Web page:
Also called Coastal Redwood; California Redwood; Belongs to the Cypress family Cupressaceae – world's tallest living species (and probably the type of Sequoia filmed in Star Wars: Return of the Jedi).
The tallest living example in its native California is called Hyperion and is around 115m (377 ft). The species was introduced to Britain in 1843. However, they were spotted by Archibald Menzies, ship surgeon on Vancouver's 1791-95 expedition (the first European credited with 'discovering' them was Thaddeus Haenke). Sequoias or rather their relations were known through fossil finds before the living trees were discovered. The Coast Redwood was classed as Taxodium sempervirens in 1828. However, Austrian botanist Stephan Ladislaus Endlicher, disagreed with this classification and named in Sequoia sempervirens.
Sadly, Endlicher, who had been appointed professor of botany of the University of Vienna in 1840, apparently exhausted himself and his resources in advancing man's knowledge and understanding of the botanical world. He committed suicide in March 1849. Unfortunately, he apparently did not leave detailed notes about who or what he had in mind when he assigned the name Sequoia, which has led to some confusion and speculation.
Although then the largest tree known, when the seeds were sent to Britain in 1843 it did not cause much of a sensation (unlike the Giant Redwood, a decade later). Fortunately, this type of conifer has the ability to regenerate if cut down – and demand for timber for buildings and the railroad saw vast swathes cut down before protection was introduced in its native America. It is capable of reaching an age of 2,600 years old.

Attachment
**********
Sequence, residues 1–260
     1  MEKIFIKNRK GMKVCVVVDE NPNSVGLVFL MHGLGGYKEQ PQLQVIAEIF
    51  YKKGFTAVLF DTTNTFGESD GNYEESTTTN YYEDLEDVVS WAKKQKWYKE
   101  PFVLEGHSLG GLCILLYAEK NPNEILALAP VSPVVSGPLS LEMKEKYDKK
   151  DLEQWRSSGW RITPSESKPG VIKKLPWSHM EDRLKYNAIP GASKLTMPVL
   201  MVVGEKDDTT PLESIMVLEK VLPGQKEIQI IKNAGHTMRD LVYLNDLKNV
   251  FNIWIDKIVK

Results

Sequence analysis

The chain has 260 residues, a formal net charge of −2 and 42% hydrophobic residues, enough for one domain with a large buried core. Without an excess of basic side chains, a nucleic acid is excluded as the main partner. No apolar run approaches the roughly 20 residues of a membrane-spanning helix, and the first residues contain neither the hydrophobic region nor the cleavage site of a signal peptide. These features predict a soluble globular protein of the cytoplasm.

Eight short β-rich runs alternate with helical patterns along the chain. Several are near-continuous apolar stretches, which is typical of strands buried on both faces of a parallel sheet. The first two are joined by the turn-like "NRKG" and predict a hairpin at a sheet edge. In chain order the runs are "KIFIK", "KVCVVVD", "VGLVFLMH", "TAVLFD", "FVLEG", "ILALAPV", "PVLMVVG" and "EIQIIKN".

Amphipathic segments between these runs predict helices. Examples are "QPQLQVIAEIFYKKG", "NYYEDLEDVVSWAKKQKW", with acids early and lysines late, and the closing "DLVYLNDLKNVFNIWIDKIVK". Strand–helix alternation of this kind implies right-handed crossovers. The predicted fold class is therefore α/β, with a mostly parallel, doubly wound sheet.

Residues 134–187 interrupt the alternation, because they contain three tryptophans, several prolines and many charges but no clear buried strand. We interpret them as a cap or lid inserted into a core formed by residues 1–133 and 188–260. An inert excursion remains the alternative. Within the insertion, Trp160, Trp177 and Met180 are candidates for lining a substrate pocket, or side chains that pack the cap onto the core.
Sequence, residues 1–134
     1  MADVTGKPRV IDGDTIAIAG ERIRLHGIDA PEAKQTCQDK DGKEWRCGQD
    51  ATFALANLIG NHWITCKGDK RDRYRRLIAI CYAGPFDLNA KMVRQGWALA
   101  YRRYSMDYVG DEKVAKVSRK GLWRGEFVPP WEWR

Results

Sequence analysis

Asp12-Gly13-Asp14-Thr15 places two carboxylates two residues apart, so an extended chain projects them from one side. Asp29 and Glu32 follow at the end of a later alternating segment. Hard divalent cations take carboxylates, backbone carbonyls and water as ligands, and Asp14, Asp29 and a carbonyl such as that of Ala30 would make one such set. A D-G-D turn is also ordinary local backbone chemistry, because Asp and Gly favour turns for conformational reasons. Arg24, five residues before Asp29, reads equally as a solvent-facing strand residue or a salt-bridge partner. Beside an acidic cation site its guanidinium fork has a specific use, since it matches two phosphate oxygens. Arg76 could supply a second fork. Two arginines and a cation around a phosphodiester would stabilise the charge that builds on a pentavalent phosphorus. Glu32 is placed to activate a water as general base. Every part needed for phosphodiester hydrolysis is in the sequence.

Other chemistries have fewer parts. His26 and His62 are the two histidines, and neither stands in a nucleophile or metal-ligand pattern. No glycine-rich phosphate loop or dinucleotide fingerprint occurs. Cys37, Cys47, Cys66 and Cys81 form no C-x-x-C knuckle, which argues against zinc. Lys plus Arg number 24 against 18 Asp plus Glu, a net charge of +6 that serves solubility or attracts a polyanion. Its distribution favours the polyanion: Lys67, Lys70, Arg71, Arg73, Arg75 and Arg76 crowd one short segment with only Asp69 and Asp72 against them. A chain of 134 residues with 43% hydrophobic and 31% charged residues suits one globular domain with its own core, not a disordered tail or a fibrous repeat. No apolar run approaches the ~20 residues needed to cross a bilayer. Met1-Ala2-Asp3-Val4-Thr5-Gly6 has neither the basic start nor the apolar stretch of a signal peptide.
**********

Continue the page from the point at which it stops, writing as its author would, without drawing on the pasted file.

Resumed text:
A specimen can be found growing in the Arboretum at Hatfield House. However, there also appears to be a specimen growing on Old Rectory Drive – close to a much larger Giant Sequoia (although it is possible that this is a different branch of the Redwood family – it is far smaller than its giant neighbour).
Conifer – thought to be a Coastal Sequoia – growing on Old Rectory Drive
Mature female cone
The leaves of the Coastal Redwood are markedly different from that of the Giant Redwood. However, they are similar to the Dawn Redwood. The key difference being that on the Coastal Redwood they alternate (on the Dawn Redwood they are opposing – on each side they join the stem at the same point). Young cones or leaf buds are visible in this expanded view of the picture above.
The bark is reddish and spongy – a characteristic of the Giant Redwood. However, the leaves clearly rule it out being one, and its relative softness may be due to its young age. Somewhat surprisingly, the Kew Garden website suggests punching the trunk as a method of telling a Coastal Redwood from a Giant Redwood – if it's soft it's a Giant; if you hurt your knuckles it's a Coastal.
Tip: checking the leaves is probably the least painful option: even if the canopy is too high, there should be dead leaves on the ground.